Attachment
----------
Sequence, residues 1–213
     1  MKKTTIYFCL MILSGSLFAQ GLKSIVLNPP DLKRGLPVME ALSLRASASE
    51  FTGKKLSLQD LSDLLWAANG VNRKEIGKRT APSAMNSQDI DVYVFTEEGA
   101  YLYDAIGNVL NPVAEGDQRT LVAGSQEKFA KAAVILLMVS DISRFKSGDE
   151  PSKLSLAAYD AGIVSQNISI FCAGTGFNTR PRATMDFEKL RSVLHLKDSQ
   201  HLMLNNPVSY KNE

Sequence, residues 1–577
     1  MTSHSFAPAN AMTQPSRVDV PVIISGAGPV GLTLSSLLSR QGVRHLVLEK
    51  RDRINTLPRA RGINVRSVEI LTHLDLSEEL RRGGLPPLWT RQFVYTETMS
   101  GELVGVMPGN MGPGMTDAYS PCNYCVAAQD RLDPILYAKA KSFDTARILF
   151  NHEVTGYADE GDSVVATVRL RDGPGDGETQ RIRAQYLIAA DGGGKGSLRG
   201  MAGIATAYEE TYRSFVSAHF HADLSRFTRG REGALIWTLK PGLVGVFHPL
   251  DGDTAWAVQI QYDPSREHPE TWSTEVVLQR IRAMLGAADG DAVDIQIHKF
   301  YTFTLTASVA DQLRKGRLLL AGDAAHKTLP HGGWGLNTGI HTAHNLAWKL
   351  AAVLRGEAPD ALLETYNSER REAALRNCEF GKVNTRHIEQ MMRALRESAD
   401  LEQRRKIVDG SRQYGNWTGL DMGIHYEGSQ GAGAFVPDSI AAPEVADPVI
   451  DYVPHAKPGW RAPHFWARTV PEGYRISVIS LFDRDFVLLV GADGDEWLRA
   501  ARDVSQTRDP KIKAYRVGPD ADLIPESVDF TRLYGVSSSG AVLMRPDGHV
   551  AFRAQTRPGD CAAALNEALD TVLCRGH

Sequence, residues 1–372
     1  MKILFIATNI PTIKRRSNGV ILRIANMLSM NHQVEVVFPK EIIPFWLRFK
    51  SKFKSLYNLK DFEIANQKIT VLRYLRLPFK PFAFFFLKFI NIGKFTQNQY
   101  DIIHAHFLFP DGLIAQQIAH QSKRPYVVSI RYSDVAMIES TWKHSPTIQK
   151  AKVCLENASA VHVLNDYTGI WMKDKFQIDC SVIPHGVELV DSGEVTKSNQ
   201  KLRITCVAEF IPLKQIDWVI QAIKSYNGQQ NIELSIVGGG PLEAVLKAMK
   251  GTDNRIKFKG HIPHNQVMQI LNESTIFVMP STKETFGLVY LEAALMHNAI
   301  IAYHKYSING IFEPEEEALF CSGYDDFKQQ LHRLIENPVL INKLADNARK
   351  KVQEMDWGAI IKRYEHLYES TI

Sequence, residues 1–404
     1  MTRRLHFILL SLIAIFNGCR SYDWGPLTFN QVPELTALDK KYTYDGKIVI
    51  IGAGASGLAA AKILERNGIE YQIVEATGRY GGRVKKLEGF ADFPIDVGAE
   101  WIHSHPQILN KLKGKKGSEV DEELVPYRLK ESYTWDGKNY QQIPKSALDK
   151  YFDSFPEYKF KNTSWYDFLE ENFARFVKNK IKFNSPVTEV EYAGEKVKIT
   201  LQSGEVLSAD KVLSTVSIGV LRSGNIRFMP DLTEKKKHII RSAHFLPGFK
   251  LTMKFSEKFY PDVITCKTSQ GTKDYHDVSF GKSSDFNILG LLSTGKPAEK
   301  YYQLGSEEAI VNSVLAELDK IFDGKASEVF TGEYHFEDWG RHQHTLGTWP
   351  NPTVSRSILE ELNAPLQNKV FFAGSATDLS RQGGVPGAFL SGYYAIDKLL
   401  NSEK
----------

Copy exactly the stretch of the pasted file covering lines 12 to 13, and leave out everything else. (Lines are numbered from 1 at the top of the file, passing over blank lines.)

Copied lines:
   201  MAGIATAYEE TYRSFVSAHF HADLSRFTRG REGALIWTLK PGLVGVFHPL
   251  DGDTAWAVQI QYDPSREHPE TWSTEVVLQR IRAMLGAADG DAVDIQIHKF